Last year Facebook made waves in the digital industry when Mark Zuckerberg announced that the social media platform would be taking big steps to ensure further transparency for their users. This was in response to widespread criticism from users of Facebook that the company was not doing enough to keep them well informed of the why and how of the ads they were receiving.
Facebook was also said not to be doing enough to prevent companies from taking on “bad advertising practices”. Under the category of Integrity and Authenticity in Facebook’s Community Standards, these practices are outlined as spam, misrepresentation, false news, and memorialisation.
Users now have the option to find out “Why am I seeing this ad?” on adverts they come across in their newsfeeds, by simply clicking on the drop down menu on the top right of the post. They are also able to opt out from seeing certain types of ads, meaning they now have better control over which companies can reach them through paid advertising. Users (both in their personal or business capacity) can also go onto any given Facebook page and see which paid adverts they’re currently running. All of this is in a bid to increase Facebook’s openness about how users’ data is used to let companies advertise to them. The implications for businesses though, are that suddenly our advertising strategies have become more easily accessible to our competitors than ever before. Competitors can now see exactly what a page is currently advertising by scrolling down and clicking on “Ad library” to see the ads that are currently running.
Now, a year later, LinkedIn is following Facebook’s lead by adding an “Ad” tab to all pages on their platform. This also shows which ads a specific page is currently running on LinkedIn, available for anyone to analyse freely. Facebook and LinkedIn are usually considered to have very different types of target markets on their respective platforms (Facebook generally being considered as a younger, more relaxed audience, while LinkedIn is certainly considered to be more corporate and professional) it’s incredibly valuable to be able to see what companies are doing differently on each platform.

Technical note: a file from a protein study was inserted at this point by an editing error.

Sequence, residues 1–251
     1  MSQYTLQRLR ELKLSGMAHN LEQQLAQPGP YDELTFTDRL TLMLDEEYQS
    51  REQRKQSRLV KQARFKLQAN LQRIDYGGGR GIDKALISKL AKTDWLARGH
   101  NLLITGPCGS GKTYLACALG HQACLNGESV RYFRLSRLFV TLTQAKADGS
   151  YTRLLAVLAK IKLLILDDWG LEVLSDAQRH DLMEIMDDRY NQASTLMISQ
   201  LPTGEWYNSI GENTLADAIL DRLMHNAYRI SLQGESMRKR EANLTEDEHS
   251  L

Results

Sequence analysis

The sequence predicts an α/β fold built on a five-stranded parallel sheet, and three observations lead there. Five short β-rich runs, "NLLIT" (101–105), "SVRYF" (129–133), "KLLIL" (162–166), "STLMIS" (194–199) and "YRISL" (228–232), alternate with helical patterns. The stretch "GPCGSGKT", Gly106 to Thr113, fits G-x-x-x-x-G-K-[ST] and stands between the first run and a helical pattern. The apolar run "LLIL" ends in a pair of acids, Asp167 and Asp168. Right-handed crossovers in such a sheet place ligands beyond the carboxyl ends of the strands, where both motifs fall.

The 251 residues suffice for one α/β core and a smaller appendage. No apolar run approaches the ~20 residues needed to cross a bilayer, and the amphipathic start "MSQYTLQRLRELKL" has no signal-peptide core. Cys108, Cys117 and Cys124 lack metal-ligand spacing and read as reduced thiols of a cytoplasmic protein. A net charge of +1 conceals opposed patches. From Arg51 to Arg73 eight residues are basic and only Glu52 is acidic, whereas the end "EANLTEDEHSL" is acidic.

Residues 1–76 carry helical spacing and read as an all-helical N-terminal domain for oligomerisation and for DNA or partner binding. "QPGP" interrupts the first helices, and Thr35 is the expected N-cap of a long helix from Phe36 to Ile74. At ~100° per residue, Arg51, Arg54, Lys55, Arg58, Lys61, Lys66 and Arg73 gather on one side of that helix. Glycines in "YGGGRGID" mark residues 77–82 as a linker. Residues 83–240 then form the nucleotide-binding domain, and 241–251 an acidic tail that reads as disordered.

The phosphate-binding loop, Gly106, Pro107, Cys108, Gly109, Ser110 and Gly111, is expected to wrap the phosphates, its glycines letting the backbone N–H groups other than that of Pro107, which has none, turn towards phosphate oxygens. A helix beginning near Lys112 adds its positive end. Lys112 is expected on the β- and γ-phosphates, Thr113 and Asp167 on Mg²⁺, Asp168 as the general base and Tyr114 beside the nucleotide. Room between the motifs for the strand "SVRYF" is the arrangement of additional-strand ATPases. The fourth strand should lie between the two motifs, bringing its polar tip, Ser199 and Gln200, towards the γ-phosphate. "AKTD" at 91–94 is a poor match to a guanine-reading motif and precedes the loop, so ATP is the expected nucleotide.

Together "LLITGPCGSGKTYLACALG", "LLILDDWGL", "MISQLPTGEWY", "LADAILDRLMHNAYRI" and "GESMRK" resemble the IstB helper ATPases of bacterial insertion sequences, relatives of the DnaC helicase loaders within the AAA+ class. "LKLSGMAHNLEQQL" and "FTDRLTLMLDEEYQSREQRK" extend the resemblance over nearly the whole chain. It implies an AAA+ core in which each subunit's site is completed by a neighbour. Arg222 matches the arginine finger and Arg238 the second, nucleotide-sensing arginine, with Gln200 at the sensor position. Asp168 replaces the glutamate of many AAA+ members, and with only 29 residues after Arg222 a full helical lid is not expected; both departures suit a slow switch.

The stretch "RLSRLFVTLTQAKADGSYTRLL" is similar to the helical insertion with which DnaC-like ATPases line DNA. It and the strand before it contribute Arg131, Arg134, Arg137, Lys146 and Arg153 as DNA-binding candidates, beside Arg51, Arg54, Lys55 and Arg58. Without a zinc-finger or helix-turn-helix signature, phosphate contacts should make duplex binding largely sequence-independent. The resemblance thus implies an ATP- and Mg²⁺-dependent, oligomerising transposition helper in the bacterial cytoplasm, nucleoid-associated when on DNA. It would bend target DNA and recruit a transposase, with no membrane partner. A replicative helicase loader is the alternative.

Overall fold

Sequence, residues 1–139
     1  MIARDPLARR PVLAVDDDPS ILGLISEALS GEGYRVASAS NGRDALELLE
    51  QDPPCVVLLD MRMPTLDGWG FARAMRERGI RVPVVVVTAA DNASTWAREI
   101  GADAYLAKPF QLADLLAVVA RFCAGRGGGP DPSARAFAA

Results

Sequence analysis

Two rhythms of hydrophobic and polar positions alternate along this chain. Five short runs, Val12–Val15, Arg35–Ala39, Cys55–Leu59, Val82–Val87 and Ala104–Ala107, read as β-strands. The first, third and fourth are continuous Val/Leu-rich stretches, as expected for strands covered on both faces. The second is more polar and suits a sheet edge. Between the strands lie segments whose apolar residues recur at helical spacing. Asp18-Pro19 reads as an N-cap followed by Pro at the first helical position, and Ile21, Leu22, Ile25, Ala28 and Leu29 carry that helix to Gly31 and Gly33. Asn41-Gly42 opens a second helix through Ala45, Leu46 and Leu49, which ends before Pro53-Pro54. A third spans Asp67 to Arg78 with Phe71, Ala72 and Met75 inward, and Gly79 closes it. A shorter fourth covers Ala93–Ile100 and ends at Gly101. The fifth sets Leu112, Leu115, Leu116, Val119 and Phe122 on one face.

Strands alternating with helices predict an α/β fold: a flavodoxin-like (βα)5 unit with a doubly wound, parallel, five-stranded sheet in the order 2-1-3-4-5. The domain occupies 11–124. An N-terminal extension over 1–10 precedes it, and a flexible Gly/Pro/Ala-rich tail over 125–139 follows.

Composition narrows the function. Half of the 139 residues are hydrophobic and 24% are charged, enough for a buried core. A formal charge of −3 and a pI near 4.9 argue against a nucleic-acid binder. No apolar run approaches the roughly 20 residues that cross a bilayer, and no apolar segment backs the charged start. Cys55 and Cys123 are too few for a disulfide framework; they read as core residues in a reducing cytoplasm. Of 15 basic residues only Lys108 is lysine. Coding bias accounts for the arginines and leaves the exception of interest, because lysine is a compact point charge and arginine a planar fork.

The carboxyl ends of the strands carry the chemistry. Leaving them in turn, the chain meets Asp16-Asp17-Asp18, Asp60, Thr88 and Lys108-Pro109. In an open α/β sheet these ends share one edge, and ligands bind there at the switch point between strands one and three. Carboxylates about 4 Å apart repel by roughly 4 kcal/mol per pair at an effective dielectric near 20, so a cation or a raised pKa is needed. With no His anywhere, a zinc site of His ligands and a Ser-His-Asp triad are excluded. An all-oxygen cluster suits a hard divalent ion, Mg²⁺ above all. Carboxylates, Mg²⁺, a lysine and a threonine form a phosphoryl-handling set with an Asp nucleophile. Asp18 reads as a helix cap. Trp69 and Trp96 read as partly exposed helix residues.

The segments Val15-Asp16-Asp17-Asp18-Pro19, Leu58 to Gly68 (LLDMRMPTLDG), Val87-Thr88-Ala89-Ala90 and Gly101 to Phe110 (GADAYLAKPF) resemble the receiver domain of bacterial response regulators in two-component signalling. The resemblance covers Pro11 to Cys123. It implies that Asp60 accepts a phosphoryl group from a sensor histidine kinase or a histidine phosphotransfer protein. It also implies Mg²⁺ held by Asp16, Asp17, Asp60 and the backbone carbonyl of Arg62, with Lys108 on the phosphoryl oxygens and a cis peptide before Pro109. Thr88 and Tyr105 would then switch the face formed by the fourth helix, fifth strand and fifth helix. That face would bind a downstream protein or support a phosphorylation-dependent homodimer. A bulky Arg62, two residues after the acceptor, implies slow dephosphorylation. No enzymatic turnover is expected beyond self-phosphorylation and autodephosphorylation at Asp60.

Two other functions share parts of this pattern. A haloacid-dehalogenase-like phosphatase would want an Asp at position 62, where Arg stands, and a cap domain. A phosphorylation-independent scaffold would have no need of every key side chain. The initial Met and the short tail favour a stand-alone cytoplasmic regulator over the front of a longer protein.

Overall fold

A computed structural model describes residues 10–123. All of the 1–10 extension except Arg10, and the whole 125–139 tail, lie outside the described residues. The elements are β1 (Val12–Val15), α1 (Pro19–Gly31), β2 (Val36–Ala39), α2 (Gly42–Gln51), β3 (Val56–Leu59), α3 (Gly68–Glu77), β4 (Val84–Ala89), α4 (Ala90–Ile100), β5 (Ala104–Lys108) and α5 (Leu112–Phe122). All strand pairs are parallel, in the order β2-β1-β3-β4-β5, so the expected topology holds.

This sort of insight into what our competitors are doing is incredibly useful when building strategies, but also a little bit worrying for us as brands. Yes, we can now see others’ activities, but we shouldn’t forget that they can also see ours. It’s a double-edged sword, and you can’t really win either way. The best way to work with this trend is to use it to your advantage where you can, in building strategies, and then doing your absolute best to put out amazing content in every step after that. Worrying about who is watching your activity will only be counter-productive. Focus on making your own brand great through informed marketing strategies and you’ll do much better.
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